Cross-cultural leadership skills are not what you think
Corporate leaders are sent abroad to get things done, but they often create more problems than they solve. Wondering why their best people succeed in one location and fail in another, firms habitually conclude that the challenge is cultural, and provide leaders with ‘cultural skills’ — generalisations at best and cartoonish clichés at their worst, with little relevance to solving professional problems. Blaming challenges on national peculiarities, expat leaders often fail (scared, perhaps?) to look at the fundamental factors that make or break a diverse team’s success.
When I started coaching Chris in a challenging overseas post, he realised he had become the ‘quick-fix guy’ to laggard branches globally. Great communicators rise fast in introverted professions like finance, law and engineering, and he was a superbly eloquent expert. But he also worried about a career rut. Shaking up one problematic unit after another, then moving on — where would this lead him? He felt he was a star mechanic, fighting the clock to build genuine intercultural teams but never quite succeeding. His story repeats at multinational companies, who carefully plan relocation and projects, but hope that human relations between diverse teams and new leaders will somehow develop organically.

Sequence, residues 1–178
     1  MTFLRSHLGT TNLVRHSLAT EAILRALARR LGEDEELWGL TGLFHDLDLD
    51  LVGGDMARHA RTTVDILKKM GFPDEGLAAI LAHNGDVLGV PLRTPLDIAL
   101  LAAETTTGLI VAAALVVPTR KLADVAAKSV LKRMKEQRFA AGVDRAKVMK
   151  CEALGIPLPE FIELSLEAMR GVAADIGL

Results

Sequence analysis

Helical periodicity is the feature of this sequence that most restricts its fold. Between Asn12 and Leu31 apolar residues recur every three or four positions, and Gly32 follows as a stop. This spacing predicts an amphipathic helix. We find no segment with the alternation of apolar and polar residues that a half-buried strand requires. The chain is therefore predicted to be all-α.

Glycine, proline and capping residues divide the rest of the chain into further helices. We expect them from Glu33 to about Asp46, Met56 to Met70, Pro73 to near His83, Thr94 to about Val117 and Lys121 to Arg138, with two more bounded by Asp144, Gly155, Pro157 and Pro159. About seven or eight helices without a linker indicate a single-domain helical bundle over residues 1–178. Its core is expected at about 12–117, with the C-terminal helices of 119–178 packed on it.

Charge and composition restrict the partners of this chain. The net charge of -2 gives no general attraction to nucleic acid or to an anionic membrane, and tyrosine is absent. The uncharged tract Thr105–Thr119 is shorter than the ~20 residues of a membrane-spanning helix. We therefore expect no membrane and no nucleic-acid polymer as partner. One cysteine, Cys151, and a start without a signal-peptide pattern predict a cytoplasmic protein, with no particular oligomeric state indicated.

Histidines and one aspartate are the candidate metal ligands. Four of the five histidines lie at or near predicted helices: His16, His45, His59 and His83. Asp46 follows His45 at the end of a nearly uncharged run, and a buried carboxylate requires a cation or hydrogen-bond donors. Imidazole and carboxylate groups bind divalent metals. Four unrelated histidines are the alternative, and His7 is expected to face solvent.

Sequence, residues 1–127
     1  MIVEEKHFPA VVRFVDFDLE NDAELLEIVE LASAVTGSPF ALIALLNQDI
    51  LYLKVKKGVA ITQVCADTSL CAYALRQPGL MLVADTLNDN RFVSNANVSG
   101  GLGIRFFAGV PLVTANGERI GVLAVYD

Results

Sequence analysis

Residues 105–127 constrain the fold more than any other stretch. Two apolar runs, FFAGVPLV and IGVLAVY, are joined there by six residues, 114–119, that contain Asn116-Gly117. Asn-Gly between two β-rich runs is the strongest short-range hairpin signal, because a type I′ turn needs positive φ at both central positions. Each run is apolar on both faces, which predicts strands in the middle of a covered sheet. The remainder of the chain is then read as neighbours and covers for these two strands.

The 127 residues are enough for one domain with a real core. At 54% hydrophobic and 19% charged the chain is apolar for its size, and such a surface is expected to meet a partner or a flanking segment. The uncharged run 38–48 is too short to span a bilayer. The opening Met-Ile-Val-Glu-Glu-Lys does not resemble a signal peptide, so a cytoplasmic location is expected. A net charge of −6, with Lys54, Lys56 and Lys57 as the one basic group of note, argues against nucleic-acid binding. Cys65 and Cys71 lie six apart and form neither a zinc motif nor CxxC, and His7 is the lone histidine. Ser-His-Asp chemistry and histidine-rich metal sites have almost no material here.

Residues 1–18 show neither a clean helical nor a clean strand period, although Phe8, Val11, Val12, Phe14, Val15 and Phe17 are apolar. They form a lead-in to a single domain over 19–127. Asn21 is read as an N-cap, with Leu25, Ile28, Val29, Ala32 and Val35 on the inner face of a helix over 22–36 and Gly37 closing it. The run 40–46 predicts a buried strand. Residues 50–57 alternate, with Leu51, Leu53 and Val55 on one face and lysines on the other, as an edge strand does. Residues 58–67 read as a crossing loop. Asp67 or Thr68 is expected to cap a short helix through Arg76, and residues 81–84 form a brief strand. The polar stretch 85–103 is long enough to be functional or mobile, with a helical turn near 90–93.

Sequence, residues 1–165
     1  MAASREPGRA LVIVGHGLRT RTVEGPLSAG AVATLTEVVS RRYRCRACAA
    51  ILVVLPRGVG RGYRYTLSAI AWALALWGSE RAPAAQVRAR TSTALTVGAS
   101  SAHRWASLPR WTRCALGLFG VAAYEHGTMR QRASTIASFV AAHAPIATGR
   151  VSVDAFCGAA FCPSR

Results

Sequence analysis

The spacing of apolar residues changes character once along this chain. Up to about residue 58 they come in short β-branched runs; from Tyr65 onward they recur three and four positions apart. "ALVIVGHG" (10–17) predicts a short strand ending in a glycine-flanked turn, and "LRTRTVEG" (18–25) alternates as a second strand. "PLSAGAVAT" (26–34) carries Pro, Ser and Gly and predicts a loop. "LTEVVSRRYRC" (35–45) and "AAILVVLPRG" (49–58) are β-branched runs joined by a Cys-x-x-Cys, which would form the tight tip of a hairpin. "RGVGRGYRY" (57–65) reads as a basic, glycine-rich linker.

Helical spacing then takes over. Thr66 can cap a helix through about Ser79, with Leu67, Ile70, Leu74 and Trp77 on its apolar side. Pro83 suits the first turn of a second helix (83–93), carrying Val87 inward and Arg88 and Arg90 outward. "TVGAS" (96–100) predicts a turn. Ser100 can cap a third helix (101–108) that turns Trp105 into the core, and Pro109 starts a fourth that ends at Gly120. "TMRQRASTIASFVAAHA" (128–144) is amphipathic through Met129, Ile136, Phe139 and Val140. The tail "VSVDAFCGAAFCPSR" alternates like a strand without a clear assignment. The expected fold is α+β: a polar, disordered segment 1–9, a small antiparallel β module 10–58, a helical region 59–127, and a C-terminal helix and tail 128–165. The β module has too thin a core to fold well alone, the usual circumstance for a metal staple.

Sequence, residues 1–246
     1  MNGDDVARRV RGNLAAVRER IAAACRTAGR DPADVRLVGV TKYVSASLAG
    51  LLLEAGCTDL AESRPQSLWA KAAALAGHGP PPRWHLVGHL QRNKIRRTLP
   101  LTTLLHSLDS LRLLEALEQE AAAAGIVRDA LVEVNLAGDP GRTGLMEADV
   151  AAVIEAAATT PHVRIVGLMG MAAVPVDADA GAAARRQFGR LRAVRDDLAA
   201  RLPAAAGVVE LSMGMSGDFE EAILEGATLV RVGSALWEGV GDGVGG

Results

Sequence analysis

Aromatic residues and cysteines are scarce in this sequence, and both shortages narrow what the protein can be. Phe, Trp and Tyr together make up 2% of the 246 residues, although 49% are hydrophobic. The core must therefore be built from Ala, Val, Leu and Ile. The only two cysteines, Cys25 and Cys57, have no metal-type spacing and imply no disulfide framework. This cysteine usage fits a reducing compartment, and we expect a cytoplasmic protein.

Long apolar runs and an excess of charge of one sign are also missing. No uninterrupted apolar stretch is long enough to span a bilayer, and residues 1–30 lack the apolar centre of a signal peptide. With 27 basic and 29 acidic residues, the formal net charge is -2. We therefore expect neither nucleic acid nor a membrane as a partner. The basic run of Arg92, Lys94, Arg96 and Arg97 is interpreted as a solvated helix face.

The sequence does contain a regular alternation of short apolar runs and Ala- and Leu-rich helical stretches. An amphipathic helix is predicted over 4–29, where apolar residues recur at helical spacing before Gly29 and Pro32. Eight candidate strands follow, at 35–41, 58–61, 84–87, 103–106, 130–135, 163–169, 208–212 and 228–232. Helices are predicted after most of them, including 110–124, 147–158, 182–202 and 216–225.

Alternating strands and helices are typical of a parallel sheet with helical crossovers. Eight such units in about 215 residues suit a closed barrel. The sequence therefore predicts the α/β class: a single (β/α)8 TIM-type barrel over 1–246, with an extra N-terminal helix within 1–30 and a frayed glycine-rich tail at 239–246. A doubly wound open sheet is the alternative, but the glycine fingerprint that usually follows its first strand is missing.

Recent research shows that while sending leaders on challenging assignments across cultural divisions, companies tend to look in the wrong place both for the root causes of problems and their solutions. The ‘culture’ of a country is an illusion because even the tiniest states are complex environments with ethnic, social and personal diversity. But understanding a place’s culture wouldn’t secure success in leadership even if it were possible. There is mounting evidence that factors much stronger than national characteristics determine the success of culturally diverse teams, and therefore global leaders need to focus on those.
Awareness: What’s in your baggage?
The first thing to understand is that while an expat leader might have been chosen for his superb track record, he will struggle in a new environment. The better the record, the bigger the culture shock, because previous successes relied on the network, knowledge and confidence that now need to be rebuilt from ground up. Studies show that such situations trigger reactions similar to hunters or soldiers being in danger zones: the brain’s threat centre called amygdala fires up, making the environment (this time, other humans) seem unpredictable and suspicious. However disturbing, leaders must acknowledge such natural ‘foreign-phobia’, which needs to be addressed like any other fear.